Wednesday, October 14, 2015

Use of Pulse Oximeters at High Altitudes

Back in the 1940s, when oximetry was first being used by wartime pilots in the U.S. military, "aviation ear meters" could indicate the blood/oxygen status of pilots flying at high altitudes. This technology was modified and improved during the '50s and later marketed for use in hospitals in the late 1960s. Unfortunately, these new devices were heavy and cumbersome and had bulky, uncomfortable earpieces. They were also very expensive, selling for somewhere around $10,000.

Today's pulse oximeters, by contrast, are small, easy-to-use devices that can be purchased for less than $20, carried in your pocket and simply slipped over your fingertip any time you want to check the oxygen saturation level of your blood. The technology has continued to improve over the past decades. Today, Pulse-Ox units are primarily utilized in home healthcare environments, in emergency response vehicles and in hospitals and clinics. There is, however, an ever-growing market of users who want the benefits oximeters can offer to tourists visiting areas located in higher altitudes, climbers and athletes competing at high elevations.

Lesson #1
What We Learned from Mexico City

Most would agree that the air is "thinner" at higher altitudes and that less oxygen is available for breathing. The fact is, air always consists of the same 20.93% oxygen (O2), regardless of elevation. What does decrease as elevation increases is air pressure. And, as atmospheric pressure lessens so does the amount of oxygen you breathe in with each breath. This, in turn, causes respirations to increase as compensation. There will also be a corresponding drop in the percentage of oxygen saturation in your bloodstream.

Normal blood oxygen readings at sea level are between 95-98%. When you breathe in, the oxygen going into your lungs exerts something called "partial pressure" which corresponds directly to ambient atmospheric pressure. This is important because the partial pressure in your lungs is greater than the pressure in the blood (hemoglobin) surrounding your lungs. At sea level, the partial pressure of O2 is 159mmHg. In Mexico City however, at an altitude of more than 7,200', oxygen's partial pressure is only 125mmHg. It was discovered during the 1968 Olympics in Mexico City that higher elevations meant lower blood oxygen saturation, leading to decreased athletic performance. Breathing supplemental oxygen could bring temporary relief from these low oxygen levels and is now commonly used during competitions at high altitude as well as other activities taking place at higher elevations.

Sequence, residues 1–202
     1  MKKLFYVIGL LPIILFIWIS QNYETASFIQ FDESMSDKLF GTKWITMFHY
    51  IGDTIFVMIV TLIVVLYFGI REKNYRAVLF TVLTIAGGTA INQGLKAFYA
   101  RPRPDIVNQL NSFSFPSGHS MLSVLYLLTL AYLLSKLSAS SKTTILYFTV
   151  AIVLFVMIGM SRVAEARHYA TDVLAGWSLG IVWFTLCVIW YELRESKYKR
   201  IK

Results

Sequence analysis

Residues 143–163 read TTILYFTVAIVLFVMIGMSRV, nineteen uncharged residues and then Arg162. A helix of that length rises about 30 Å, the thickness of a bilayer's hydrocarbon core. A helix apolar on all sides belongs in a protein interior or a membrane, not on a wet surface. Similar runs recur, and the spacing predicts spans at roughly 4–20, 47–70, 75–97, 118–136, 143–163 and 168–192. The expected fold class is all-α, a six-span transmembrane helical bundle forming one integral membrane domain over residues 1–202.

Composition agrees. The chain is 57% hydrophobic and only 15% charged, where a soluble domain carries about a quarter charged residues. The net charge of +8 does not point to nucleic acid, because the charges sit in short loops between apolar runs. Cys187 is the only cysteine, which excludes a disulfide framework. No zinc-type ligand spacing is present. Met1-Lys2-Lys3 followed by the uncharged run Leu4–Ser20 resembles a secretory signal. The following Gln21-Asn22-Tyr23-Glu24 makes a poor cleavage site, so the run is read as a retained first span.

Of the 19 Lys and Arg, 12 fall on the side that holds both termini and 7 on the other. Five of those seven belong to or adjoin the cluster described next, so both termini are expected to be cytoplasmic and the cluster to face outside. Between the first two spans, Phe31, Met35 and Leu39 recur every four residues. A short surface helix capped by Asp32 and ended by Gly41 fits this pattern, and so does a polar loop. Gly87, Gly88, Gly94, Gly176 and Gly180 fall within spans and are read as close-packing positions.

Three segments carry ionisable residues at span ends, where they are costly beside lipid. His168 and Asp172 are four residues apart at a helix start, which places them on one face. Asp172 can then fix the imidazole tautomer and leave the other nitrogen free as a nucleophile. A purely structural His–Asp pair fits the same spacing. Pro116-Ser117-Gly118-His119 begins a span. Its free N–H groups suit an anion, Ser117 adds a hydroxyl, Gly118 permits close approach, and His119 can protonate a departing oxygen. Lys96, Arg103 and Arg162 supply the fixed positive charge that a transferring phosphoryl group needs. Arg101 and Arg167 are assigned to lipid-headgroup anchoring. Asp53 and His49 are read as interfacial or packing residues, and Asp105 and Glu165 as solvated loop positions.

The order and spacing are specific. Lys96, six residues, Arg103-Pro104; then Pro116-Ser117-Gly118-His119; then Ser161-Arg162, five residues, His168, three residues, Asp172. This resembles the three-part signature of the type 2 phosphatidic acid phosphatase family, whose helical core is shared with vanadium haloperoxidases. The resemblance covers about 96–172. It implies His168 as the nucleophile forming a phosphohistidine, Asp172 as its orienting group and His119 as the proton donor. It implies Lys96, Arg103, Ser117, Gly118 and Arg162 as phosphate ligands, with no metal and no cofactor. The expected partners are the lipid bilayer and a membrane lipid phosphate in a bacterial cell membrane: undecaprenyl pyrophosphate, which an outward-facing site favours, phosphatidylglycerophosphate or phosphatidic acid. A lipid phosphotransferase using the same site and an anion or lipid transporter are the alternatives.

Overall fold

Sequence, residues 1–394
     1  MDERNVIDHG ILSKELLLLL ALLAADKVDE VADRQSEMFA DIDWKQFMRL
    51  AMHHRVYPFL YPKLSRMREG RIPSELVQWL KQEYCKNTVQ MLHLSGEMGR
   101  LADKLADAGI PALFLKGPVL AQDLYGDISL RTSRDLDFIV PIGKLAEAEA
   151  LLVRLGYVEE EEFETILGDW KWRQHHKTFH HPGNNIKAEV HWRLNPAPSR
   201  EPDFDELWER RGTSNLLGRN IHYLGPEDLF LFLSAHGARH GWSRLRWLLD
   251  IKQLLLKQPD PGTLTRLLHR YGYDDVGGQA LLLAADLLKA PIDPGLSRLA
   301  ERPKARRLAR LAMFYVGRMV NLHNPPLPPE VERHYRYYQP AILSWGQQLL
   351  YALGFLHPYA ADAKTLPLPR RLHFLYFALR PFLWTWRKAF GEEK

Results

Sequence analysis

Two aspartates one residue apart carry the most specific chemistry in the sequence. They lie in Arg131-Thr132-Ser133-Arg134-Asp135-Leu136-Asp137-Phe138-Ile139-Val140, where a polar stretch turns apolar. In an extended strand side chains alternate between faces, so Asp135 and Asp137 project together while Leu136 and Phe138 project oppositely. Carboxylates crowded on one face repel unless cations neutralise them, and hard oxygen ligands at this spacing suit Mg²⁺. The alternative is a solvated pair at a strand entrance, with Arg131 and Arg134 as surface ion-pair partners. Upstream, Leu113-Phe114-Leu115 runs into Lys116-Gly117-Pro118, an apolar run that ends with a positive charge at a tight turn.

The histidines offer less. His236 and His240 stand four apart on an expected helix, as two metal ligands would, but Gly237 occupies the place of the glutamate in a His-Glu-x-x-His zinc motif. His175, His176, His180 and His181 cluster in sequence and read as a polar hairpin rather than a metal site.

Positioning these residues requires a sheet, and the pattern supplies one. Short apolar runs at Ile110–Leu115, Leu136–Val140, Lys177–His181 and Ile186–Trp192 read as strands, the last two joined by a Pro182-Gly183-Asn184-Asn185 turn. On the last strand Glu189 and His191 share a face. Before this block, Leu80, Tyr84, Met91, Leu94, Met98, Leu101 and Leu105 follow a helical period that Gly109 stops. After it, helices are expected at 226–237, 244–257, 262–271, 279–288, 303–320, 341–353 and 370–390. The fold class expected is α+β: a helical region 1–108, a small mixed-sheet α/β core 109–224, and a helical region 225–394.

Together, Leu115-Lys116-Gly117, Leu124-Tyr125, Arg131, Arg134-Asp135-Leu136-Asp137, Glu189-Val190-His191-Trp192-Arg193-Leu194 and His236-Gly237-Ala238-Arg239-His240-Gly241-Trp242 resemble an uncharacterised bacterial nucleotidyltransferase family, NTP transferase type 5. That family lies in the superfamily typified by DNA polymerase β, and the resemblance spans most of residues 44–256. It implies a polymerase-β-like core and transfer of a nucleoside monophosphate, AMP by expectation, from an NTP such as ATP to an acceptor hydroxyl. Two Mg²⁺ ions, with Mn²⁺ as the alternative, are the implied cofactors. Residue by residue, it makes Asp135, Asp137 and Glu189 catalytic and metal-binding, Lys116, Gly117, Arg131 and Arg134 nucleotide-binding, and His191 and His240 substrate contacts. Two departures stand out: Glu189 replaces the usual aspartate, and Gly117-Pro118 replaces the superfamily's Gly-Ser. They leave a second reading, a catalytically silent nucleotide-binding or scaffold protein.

Lesson #2
Deadly Airplane Crashes Cause Hypoxia Concerns

In September, 2014, two small airplanes went down and suspicions pointed to pilot unconsciousness due to hypoxia, or inadequate oxygenation of the blood. Symptoms of hypoxia include:

  • Headache, lightheadedness
  • Hot flashes
  • Impaired vision
  • Confusion
  • Sweating, lip tingling
  • Raised heart rate
  • Increased respirations

Although symptoms will vary from one individual to another, you might think that avid, experienced pilots, as these two were, would be aware of the problem and do something to remedy it. If, however, confusion is a factor, thoughts may become illogical.

After these incidents occurred, the AOPA (Aircraft Owners and Pilots Association) sent out a message of concern to their members warning of the dangers hypoxia posed to pilots, especially those operating aircraft with non-pressurized cabins. They went on to state that, in their opinion, use of a pulse oximeter "is the best defense against hypoxia," and they recommended the use of these devices to check for blood saturation levels every ten to fifteen minutes while flying.

While FAA regulations require the use of supplemental oxygen for pilots operating at certain altitudes (FAR Part 91, Sec 91.211), none have yet to require use of pulse oximetry for checking blood oxygen levels quickly and dependably.

Lesson #3
Normal Home Altitude Saturation Levels

If you're thinking of going on a northern nomadic expedition or, perhaps, climbing Kilimanjaro, you'd be smart to have a pulse oximeter in your pocket. How you respond to being at significant altitudes will depend partly on the elevation where you normally live. Most people living at sea level will have blood oxygen saturation levels of 95%+, which is normal. If, however, those same people were atop Mt Kilimanjaro, which stands at nearly 20,000', a "normal" saturation level is between 70-75%.

In addition, saturation level and saturation tolerance are two different things, and each person will tolerate a reduced oxygen level differently. Although much will have to do with the elevation level at which you normally live, reactions to high altitude also depend on other factors such as:

  • Age
  • Health status
  • Tobacco smoking history
  • Exercise history, and more

Tourists/vacationers planning to spend time at any high altitudes should definitely take the precaution of having a pulse oximeter in their pockets and ready access to supplemental oxygen. The same goes for climbers, competing athletes and pilots.


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